When a particular color of yarn is to be selected and hence the band or ribbon 24 of that unit is to be actuated, the plunger or actuation pin 100 is advanced, thus unlatching spring 122 from surface 130. As spring 122 is unlatched, it appliespressure to the compressible pin 126 which, in turn, depresses the drive spring 120. As can be seen best in FIG. 3, the drive spring 120 is attached to only one end of shoe 114 and thus can be driven outwardly from the shoe by compressible pin 126 aspermitted by the shaft 12 structure. As the shaft oscillates, it will reach the position as shown in FIG. 3 at which time the compressible pin 126 will force the lower end of drive spring 120 into engagement with notch 118. As the shaft 12 reverses,drive spring 120 will be driven in the counter-clockwise direction thus driving band member 24. As the band or ribbon 24 advances, the lanced out portion or tab 122 of the ribbon or band 24 becomes trapped within groove 18 formed between the shaft andthe stationary housing 10 (as seen in FIG. 4) with the drive spring 120 being held in its drive position. Thus, as can be seen in FIG. 4, the band or ribbon 24 is driven as far as the oscillatory motion of the shaft carries it since the drive spring 120is engaged in the driving or deepest notch 118. As this counter-clockwise motion of band 24 occurs, it will be appreciated that plunger 28 of FIG. 1 is driven downwardly within pocket or plunger channel 86 and, as will be described, will be carryingyarn engaged by the plunger 28. With further reference to FIG. 1, it will be also noted that since band 32 is secured to both plungers 28 and 34, as plunger 28 descends, plunger 34 must ascend and vice versa as plunger 28 is raised to its non-engagingor actuated position. As the shaft 12 oscillates in a clockwise direction, surface 155 of shaft 12 engages surface 157 of shoe 114 whereby band 24 will be returned to its unactuated position and if actuation pin 100 has been deactivated by the solenoidmeans, then the lanced out tab 122 will be permitted to return to its position where is abuts against surface 130, and compressible pin 126 will be permitted to release its pressure against drive spring 120 which will return to its non-driving positionin juxtaposition against shoe 114 and out of engagement with notch 118. Thus, as the shaft 12 oscillates in a counter-clockwise direction, the next time the band 24 will remain in its stationary non-actuated position. On the other hand, if the samework element 30 is to be used for a second time in succession, the solenoid continues to be actuated and the actuation pin or plunger 100 remains in the position as shown in FIG. 4 thus causing the band 24 to be driven by oscillating shaft 12 for asecond cycle and succeeding cycles, if desired.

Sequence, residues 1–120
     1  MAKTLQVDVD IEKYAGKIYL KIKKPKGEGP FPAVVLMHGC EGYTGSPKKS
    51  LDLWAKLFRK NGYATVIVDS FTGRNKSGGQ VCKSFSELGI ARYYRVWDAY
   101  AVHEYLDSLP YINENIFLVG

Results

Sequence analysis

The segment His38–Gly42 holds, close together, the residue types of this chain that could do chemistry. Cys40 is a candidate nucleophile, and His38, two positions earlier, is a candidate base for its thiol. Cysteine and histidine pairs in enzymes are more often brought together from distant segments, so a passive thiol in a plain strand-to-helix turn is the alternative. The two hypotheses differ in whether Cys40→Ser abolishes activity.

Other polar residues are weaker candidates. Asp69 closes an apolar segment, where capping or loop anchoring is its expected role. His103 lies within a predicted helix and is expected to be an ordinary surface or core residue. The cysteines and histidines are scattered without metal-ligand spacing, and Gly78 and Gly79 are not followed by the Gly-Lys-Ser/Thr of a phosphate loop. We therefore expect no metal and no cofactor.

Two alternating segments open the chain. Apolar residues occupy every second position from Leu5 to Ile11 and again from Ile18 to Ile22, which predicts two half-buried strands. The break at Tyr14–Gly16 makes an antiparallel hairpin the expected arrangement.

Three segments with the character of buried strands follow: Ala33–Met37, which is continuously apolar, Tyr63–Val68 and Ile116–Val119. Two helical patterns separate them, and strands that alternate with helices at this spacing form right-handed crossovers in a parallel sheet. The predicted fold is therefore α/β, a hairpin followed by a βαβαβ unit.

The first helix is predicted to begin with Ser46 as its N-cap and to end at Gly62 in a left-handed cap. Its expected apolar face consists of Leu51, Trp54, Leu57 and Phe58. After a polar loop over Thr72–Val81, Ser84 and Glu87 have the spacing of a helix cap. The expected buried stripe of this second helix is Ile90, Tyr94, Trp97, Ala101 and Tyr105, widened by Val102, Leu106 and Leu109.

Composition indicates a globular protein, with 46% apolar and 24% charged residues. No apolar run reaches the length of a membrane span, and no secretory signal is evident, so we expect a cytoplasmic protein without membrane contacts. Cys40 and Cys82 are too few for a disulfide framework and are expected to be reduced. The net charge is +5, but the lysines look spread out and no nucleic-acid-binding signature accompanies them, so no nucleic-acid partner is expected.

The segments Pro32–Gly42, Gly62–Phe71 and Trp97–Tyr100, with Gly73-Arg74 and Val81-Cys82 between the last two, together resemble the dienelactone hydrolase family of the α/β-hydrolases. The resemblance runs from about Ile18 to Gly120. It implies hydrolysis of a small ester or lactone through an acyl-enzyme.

With reference to FIGS. 5 and 6, the pullback shaft 14 with accompanying pullback band-like member or ribbon 26 is shown. The pullback mechanism differs from that described for the feed mechanism in view of different functional requirements. Inthe case of the pullback means, the band-like member 26 must drive plunger 30 (see FIG. 1) to its down position in plunger channel or pocket 88 and latch holding the plunger 30 in this position. Accordingly, the band 26 must be selected to push plunger30 down and deactuated to pull the plunger 30 back to its raised deactuated position.